“HOW HIGH A RIDGE I COULD NOT TELL, FOR THE SUN HAD SET AND DARKNESS FELL BEFORE I REACHED ITS PINNA-CUL.” WFG


Then the scene comes to a close and the servant boy is lying on the stage, dead, the lights go out. He lets a decent moment go by, and then he pops up and exits the stage and there is a little laugh from the audience because he's alive! Too bad about that gorgeous full moon "blue out." And I start crying again. If I was indoors that effect would take me hours to put together but in this amphitheater the sitting moon lends it's hand without another thought as if it’s just another audience member swinging in to see the show. "You're welcome" it says. Still, wish you could put a dimmer on it just for a second for the dead servants exeunt.

But we quickly forget about the undead servant when Aida and Radames are banished to the tomb together...and I am crying again. A big plywood tomb. Not sandstone at all. And it's on wheels. Two amateur actors. One of them graduated from BYU that very day, in business, I think. Both of them are married to other people. Amazing singing voices. But the commitment to the roles... I think that's what has me crying.

And is occurs to me that we are at the end of a year full of theatre that has filled our lives once again with people like us that love theatre and do theatre for the love of it. We are back in the arms of what we love. Community theatre. We are back where we began.

Literally.


“My first show was Barefoot in the Park, which was an absolute smash, but my production on the stage of Backdraft was what really got them excited. This whole idea of 'In Your Face' theatre really affected them. The conceptualization, the whole abstraction, the obtuseness of this production to me was what was interesting. I wanted the audience to feel the heat from the fire, the fear, because people don't like fire, poked, poked in their noses, you know when you get a cinder from a barbeque right on the end of your nose and you kind of make that face, you know, that's not a good thing, and I wanted them to have the sense memory of that. So during the show I had someone burn newspapers and send it through the vents in the theatre. And well, they freaked out, and 'course the fire Marshall came over and they shut us down for a couple of days.” Corky St. Clair, Waiting for Guffman


The day we decided to send out wedding announcements we knew just where to begin. My mom had taken all my "show shirts" - you know, the souvenir t-shirt you get with the cast list printed on the back - and cut them up. She sewed the squares together and made a quilt out of them. We called it the "Show Quilt" and it is precious indeed. We laid it out on the living room floor and started making a list of all the people we wanted to send an announcement to. Because those are the people you gather into your heart. Old roommates, old neighbors, old ward members...sure...but how much time do you spend with a show cast in comparison?! THOSE are the people that would want to know that you are getting married. Those people share an experience with you that cannot be replicated. This quilt represented all the time you came together after a long day at work to bind yourself to a group of people that may have never put on a pair of tap shoes in their life...and you see them sweating bullets over Stephen Schwartz’s Russian Klezmer harmonies in the bathrooms, backstage wrestling with Sondheim in the halls, panicking that I have just asked them to wear nothing but a towel in the shower scene of Damn Yankees...that hard swallow, followed by "Suuuure...my wife is going to have a heart attack." OH HOW I LOVE THOSE PEOPLE!!!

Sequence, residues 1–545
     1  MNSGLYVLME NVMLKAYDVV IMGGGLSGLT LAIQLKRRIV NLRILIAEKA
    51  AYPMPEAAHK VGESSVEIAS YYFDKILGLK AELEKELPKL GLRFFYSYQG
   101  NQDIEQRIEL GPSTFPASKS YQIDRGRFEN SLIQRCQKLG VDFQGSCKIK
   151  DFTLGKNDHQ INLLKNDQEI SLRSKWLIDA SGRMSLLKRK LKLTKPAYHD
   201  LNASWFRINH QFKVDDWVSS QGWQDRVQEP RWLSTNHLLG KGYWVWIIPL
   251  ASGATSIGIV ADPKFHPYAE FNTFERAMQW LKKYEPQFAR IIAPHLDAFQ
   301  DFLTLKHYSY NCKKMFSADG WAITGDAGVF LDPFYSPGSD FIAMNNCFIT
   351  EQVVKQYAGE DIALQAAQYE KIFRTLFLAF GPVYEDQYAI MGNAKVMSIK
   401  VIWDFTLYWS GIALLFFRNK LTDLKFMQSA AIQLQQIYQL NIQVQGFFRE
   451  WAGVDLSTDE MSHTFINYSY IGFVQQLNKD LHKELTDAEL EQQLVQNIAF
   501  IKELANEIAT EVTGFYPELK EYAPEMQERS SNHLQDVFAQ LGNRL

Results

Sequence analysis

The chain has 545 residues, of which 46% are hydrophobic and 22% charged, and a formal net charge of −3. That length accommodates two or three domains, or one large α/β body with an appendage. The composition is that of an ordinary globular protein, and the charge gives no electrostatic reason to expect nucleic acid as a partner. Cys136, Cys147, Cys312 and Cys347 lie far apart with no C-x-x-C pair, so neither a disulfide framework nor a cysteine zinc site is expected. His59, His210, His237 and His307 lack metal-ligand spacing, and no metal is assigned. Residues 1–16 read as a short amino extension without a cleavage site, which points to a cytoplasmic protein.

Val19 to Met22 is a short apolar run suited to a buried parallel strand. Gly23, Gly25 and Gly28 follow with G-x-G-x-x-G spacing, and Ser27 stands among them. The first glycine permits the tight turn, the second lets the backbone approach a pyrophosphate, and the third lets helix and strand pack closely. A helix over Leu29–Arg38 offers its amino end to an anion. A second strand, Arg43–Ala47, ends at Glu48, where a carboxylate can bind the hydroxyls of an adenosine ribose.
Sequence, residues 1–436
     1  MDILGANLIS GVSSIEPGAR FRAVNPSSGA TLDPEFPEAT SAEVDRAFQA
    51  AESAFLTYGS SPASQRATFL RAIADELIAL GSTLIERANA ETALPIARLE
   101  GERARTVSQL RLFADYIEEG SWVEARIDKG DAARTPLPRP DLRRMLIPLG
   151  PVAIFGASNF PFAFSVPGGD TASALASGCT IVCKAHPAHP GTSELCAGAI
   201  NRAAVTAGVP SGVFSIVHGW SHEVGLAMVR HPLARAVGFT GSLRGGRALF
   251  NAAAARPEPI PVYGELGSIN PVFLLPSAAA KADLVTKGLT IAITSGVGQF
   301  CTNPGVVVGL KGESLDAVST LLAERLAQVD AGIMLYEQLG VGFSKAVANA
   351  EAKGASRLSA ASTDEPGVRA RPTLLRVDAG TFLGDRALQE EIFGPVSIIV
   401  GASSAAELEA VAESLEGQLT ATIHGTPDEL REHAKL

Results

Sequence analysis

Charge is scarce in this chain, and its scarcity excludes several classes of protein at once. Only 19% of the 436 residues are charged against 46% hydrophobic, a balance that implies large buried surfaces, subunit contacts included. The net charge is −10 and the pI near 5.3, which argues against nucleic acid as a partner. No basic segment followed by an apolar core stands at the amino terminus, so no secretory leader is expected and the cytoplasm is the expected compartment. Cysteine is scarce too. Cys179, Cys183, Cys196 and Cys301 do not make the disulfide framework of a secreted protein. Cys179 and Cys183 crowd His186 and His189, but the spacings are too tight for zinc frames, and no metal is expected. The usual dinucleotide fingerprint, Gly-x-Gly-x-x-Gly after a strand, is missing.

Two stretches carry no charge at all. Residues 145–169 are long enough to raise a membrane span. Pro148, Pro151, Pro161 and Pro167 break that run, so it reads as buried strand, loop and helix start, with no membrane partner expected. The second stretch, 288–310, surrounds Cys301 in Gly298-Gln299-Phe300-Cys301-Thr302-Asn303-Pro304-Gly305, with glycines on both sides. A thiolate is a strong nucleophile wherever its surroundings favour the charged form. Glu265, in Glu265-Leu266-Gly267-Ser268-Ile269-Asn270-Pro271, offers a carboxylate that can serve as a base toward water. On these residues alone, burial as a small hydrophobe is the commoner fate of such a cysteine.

“I got off that boat with nothing but my dancers belt and a tube of CHAPSTICK!” WFG


And at this point as the cast of Aida has brought back a flood of precious memories, I pull out a notepad from my purse and start writing this blog through my tears. I forget about the ants and it just spills out onto the tiny notepad - all my love for every person that I have ever been in a show with or directed that never got paid to do a show, but just came out to do it FOR THE LOVE. You know who I'm talking about. And you know why you do it.

And you are why I do it. And you are why I was crying my eyes out that night in July.

I was an emotional wreck anyway because I was "sluffing" my own show (Thoroughly Modern Millie) that night to see Andy's show. But I had my Stage Manager on speed dial and we had already been sending texts back and forth all night.


Jan: How's it going?

Jamie: Taylor broke her leg today. Stop texting me. (Taylor was the girl that played Millie)

Jan: I'm not used to missing a show.

Jamie: You are useless now. Enjoy Aida. We got this.

Jan: I know, but...

Jamie: Stop texting me. I need to go do your show and you shouldn't have your phone on anyway. Geeeeeeez.